Eat Smarter, Run Faster

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What do you think about before you go out for a run? The weather, your workout plan, or what you’re going to wear? One thing you might not consider is how to properly fuel your body before, during, and after a run. Proper nutrition is an essential component of improving performance, decreasing recovery time, and preventing stomach distress while pounding the pavement. While every runner is unique in what works for him or her, these general tips can give you a starting point when it comes to properly fueling your run.

Pre-Workout

Carbohydrates are the primary energy source for endurance athletes, such as runners. They provide the fuel to keep your muscles working efficiently, and they are quickly digested and used by the body. The timing of carb intake is important. Recommendations suggest consuming 100-400 calories of carbohydrate-dense foods one to three hours before your workout. Examples include:

  • Fresh fruit
  • Yogurt with fresh fruit or granola
  • Oatmeal made with milk and a banana
  • Peanut butter and jelly sandwich
  • Bagel, English muffin, or toast with nut butter
  • Fruit smoothie
  • Cereal and milk
  • Dried fruit and nuts
  • Energy bar
  • Sports drink

 Hydration is another vital part of nourishing your body before a workout. Drink water consistently throughout the day, and if you’re a morning runner, be sure to drink some water before you head out on your run. If your urine is dark yellow in color (a sign of dehydration), drink more. If it’s super hot out or you know you will sweat a lot, sports drinks containing electrolytes can help you stay hydrated.

During a Workout

After carbohydrates are eaten, they turn into glucose within our bloodstream. This glucose is then transformed into glycogen and stored as energy within our liver and muscles. As we run, glycogen stores are depleted, decreasing our energy levels as a result. The “wall” some runners may hit is often because their glycogen stores are completely used up! You can avoid hitting the “wall” by eating 30-60 grams of quick, easily-digestible carbohydrate after about an hour into a workout. Examples of such carb sources include:

  • Bananas
  • Dried fruit
  • Honey
  • Rice
  • Sports drinks
  • Energy gels
  • Chewing blocks
  • Jelly beans

Energy gels, chewing blocks, and jelly beans can often be found in specialty running stores and have been created to help runners maintain their glycogen stores.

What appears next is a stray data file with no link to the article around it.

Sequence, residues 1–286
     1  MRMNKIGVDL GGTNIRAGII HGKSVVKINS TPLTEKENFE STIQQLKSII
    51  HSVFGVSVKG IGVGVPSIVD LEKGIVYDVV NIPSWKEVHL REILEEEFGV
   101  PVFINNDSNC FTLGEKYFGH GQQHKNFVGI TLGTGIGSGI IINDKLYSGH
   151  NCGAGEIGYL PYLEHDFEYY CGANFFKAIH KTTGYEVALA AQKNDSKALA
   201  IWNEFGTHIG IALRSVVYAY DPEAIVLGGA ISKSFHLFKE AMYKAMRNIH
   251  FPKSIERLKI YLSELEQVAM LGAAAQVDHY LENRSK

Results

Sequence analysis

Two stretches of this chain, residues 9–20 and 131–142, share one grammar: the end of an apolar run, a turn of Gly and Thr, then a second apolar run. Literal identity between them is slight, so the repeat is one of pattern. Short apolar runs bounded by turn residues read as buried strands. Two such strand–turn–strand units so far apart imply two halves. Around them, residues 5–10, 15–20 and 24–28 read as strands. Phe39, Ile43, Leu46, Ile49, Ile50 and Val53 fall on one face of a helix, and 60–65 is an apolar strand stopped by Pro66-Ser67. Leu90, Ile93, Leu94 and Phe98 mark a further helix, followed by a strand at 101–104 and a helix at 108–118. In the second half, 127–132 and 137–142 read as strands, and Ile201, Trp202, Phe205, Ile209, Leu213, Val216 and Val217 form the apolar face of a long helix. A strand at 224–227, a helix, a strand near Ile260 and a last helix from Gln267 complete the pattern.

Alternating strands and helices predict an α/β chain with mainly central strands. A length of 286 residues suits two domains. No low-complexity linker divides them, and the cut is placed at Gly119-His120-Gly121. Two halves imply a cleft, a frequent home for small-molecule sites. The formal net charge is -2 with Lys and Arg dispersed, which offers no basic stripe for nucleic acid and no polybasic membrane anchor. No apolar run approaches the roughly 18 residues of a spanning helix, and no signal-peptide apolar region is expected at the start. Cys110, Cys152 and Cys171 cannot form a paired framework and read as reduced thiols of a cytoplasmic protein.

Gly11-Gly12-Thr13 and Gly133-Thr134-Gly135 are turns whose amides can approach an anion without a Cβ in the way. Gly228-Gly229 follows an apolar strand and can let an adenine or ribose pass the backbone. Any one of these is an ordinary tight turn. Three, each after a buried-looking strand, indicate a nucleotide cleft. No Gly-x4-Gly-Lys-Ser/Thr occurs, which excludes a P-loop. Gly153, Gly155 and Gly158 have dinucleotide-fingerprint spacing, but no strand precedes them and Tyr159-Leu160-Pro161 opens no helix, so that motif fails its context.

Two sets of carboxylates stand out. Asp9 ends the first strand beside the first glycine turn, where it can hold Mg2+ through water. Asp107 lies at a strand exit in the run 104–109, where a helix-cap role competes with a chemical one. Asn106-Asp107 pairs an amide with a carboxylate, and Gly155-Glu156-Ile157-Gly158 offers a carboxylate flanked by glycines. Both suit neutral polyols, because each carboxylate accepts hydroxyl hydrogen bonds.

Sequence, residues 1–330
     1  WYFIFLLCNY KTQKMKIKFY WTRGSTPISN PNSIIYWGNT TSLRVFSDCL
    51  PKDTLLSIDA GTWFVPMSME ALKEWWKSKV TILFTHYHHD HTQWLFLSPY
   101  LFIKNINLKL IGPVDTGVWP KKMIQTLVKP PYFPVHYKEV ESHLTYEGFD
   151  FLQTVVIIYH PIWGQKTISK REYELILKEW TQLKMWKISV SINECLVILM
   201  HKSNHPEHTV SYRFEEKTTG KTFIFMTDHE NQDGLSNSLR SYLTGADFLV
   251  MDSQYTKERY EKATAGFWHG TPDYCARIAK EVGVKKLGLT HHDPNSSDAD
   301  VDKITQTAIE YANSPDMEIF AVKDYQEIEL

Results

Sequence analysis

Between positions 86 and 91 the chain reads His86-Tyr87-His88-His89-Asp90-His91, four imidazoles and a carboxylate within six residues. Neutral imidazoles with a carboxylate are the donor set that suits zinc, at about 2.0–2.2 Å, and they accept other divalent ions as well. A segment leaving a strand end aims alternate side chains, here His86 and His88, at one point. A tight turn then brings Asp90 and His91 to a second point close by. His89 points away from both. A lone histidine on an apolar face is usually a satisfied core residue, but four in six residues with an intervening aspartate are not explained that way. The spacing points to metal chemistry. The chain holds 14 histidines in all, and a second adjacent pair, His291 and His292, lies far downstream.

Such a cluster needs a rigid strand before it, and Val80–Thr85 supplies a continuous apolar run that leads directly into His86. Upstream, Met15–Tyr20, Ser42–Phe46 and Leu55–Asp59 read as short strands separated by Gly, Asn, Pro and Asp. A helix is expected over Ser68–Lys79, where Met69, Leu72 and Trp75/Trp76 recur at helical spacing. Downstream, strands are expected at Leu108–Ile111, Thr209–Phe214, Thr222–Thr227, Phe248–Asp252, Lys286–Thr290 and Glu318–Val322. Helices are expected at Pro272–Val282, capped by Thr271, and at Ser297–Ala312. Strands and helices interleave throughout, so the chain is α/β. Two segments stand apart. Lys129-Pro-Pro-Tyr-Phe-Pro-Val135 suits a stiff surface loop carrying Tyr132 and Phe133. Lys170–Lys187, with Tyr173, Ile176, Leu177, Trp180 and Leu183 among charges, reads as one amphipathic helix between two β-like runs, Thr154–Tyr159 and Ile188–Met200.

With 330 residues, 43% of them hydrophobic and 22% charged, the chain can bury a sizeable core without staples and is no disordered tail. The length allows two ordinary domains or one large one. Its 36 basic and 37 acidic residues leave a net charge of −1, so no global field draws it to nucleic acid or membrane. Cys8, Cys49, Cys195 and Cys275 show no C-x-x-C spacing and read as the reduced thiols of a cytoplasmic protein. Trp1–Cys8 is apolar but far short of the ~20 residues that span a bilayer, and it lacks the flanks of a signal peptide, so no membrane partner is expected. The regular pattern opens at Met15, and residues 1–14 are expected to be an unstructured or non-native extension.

Hydration is important during workouts too, especially in the hot summer months. Carry a water bottle with you on long runs, pay attention to your thirst level, and try to drink fluids every 15 minutes or so for workouts longer than 45 to 60 minutes. Electrolyte-containing sports drinks like Gatorade can also be helpful in maintaining hydration levels and electrolyte balance. Just take into account the amount of carbohydrate the drink contains when calculating your carb needs.

Post-Workout

After a workout is over, try to refuel your body within 15-20 minutes. During this time the muscles are most receptive to nutrients, meaning they recover faster. This recovery “window” stays open for about 2 hours; so try to eat a snack within this time frame. Post-workout snacks should consist of three to four parts carbohydrate to one part protein. The carbs restore glycogen levels (= energy!) while the protein helps build and repair muscles. Examples of ideal recovery snacks include:

  • Chocolate milk
  • Smoothie made with yogurt and berries
  • Pita bread and hummus
  • Bagel and peanut butter
  • Fruit (bananas, apples, grapes) and almond butter
  • Homemade trail mix (dried fruit, popcorn, cereal, nuts)
  • Milk and cereal
  • Energy bar and fresh fruit
  • Graham crackers and peanut butter
  • Whole-grain crackers and string cheese
  • Pancakes and milk
  • Bagel, egg, and cheese
  • Pudding, berries, and animal crackers

The one piece of advice that holds true for all runners: figure out your nutrition plan well before race day! Never try anything new on the day of the race, or you run the risk of experiencing unpleasant symptoms and an unsatisfactory performance.

Proper nutrition is one facet of exercise that can help all runners improve their performance. Consider creating a smart nutrition plan to run faster and feel better no matter what the weather conditions may be!

Ashley Moyna, Dietetic Intern at The Ohio State University

Avid Runner, Peanut Butter Connoisseur, Enthusiastic Traveler